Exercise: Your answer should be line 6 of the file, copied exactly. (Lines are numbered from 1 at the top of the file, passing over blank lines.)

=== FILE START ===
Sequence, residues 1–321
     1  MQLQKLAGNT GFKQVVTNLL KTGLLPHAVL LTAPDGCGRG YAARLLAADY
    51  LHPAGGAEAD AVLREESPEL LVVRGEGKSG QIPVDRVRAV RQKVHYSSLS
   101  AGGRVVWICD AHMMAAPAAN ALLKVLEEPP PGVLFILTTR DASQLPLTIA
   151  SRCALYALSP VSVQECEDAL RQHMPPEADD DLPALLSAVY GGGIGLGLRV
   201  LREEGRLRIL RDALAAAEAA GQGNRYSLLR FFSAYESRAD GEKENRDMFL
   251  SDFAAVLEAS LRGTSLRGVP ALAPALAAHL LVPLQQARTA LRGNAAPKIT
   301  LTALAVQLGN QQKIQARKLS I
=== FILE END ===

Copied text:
   201  LREEGRLRIL RDALAAAEAA GQGNRYSLLR FFSAYESRAD GEKENRDMFL